Tracing a suspect pipe path and finding a leak

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Thanks doggit. Couple of things...

1. If you remember, I did some paving a while back and I have a weed killer fabric which I planned to use under the paving, but you advised it won't do anything. So I never bothered. Could I use this as a permeable membrane???

2. I can't find a supplier locally where they sell a permeable drain and I plan to start this job tomorrow as it's clear weather. Can I buy a standard underground pipe such as THIS and make holes in it?

3. Not sure if I can connect to a surface drain because the perforated pipe is too low, unless you mean some other drain???

4. My plan is to use your method, but I haven't got a soakaway and the ground is solid clay. Can I simply use the land drain to divert the water away from the house to the middle of the driveway? If not, why not?
 
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Doggit

1: I reckon it might work, as it's designed for water to pass through it - but don't hold me to it.

2: The permeable drains are smaller, and have loads of holes in, and are thiner, but I suppose if you wanted to make your own, I'd be inclined to use rain water down pipe, but that's going to be a hell of a lot of holes you need to drill in it.

3: Firstly, you're getting the water in the basements; how far down is that below the outside ground level. If the level you need to go is too low for the existing surface drains, then you'd either need a soakaway. Alternatively, as you're on a slope, can it be taken out to a lower point.

4: If you've got clay, the you'd need to dig the soakaway low enough to get down in to permeable ground. Clay will take away water, but obviously nowhere near as fast as soil is. There are ways of doing permeability tests to see how fast the soakaway drains, and if it's not draining fast enough then you have to keep digging lower. Now if you were to divert the water on to the driveway, then it'd obviously the drain into the road, and that's not allowed I'm afraid, so you're back to finding somewhere you can dig the soakaway that's not clay, because if you raise the land drain up too high to get into the surface drains, you risk water travelling through underneath it - but I'm not sure how much of a problem this would be in clay.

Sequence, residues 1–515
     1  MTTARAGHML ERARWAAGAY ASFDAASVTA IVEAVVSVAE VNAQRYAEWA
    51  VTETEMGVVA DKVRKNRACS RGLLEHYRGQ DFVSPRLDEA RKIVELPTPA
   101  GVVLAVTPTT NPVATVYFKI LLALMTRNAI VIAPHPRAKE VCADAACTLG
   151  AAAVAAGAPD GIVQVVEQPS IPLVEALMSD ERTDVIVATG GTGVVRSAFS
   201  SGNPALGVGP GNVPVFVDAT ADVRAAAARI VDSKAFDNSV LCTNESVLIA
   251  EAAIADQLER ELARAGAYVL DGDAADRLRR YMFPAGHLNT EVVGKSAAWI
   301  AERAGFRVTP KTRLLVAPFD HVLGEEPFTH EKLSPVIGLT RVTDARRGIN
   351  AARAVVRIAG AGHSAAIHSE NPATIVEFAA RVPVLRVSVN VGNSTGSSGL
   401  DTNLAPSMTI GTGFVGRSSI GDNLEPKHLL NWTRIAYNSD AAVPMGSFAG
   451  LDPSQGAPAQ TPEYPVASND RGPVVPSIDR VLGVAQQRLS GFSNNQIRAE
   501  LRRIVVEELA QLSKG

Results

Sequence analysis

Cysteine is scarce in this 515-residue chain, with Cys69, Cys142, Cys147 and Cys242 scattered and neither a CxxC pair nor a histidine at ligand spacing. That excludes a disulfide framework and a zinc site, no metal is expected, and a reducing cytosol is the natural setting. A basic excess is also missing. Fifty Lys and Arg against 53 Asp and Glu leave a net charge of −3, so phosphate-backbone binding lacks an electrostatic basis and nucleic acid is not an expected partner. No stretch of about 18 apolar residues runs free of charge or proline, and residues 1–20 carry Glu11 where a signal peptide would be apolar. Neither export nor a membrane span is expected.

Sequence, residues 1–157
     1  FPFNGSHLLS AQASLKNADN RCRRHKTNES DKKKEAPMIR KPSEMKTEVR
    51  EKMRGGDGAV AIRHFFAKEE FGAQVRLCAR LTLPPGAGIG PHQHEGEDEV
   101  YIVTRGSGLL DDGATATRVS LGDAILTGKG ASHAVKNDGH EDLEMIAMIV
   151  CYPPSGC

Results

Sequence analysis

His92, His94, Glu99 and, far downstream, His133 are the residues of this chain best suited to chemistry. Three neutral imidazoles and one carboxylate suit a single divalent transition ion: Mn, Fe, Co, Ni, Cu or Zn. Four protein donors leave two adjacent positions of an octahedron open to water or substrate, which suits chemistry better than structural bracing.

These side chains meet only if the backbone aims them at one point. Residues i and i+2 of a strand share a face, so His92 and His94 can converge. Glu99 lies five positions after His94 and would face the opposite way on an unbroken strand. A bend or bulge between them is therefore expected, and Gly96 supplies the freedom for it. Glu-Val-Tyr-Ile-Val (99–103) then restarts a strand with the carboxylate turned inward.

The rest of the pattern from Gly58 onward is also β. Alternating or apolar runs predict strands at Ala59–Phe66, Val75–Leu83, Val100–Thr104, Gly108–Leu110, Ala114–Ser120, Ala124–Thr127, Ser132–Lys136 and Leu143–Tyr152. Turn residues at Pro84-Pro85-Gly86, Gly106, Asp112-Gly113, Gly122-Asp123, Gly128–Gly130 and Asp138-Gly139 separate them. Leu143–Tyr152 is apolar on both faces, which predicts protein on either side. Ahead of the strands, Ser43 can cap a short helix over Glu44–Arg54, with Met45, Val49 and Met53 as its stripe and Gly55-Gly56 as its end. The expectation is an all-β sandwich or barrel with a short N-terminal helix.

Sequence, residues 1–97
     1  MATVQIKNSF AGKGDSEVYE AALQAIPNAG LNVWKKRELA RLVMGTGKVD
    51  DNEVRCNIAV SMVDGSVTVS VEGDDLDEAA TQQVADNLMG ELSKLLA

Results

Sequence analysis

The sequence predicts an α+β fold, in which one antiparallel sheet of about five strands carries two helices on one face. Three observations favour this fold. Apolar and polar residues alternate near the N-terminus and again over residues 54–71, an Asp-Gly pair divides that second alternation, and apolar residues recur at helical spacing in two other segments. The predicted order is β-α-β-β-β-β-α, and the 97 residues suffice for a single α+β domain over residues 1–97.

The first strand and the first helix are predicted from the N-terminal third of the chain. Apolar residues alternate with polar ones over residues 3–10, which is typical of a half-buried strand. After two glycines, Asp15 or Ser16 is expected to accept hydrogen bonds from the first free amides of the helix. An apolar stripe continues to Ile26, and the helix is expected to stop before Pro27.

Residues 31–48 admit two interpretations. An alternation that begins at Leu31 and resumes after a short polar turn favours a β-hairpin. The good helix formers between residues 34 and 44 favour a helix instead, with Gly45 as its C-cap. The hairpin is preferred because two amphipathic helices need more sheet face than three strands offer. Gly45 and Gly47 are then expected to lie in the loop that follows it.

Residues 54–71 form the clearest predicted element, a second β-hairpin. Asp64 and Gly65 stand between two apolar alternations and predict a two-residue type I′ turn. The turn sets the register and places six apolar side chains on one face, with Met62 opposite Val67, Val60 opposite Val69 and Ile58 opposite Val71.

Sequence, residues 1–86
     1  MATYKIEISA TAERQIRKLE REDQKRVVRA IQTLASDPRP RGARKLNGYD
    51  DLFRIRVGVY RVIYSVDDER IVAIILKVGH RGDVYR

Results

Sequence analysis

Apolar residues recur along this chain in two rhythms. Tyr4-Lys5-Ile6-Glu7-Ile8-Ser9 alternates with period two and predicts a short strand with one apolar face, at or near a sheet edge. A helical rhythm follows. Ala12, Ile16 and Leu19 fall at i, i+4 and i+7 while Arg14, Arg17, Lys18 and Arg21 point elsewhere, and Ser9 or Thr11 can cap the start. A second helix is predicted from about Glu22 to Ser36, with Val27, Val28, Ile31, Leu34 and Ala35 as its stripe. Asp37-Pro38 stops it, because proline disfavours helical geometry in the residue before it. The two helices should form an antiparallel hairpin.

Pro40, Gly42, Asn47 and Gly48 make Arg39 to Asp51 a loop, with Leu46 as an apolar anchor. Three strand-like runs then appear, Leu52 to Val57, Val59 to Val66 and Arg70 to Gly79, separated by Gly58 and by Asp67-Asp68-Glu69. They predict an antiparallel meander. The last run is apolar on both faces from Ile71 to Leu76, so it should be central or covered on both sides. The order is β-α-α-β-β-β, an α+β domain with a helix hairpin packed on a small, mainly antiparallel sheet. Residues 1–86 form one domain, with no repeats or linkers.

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Thanks Doggit and Dilalio for the help and links.

1. I'll take the risk.

2. I don't mind making the holes. Wickes are selling a standard 110mm underground drain pipe for £9.99. It's similar to THIS.

3. Since the cellar is next to a sloping driveway, the ground touching it starts off 1mtr high, but then drops. My plan is to take it away from the house at least a metre or 1.5 metres.

4. I don't know how far down the clay goes. Sorry, I may not have explained clearly, but I didn't mean ONTO the driveway....I meant a soakaway (a hole in the ground filled with gravel), UNDER the driveway.

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EDIT:Sorry if this is going a bit off-topic, but I've just been to the cellar and noticed on the wall under which the water is seeping through, that there are condensing water droplets around the air grill & bricks. Also directly above this is the upstairs hallway wall which feels ever so slightly damp.

Is this being condensation caused by the leak under the footing stones?

View media item 100506View media item 100507View media item 100508View media item 100509View media item 100510
 
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It’s hard enough diagnosing something like this when I am on site and have eyes on! Practically impossible over distance and media such as this, even though you have been very detailed in your description!

May I suggest that you call a few drain guys and ask them if they’d be willing to survey what you have and if they’d give you some guidance, for a fee, for their time! Explain that you are willing to do the grunt work yourself but could do with some expert assessment.
 
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It's condensation from the puddle - where's that airbrick go to with the pipe in it ?
 
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Thanks dilalio, ian and nige f.

The airbrick and boiler drainage pipe go to outside over the driveway.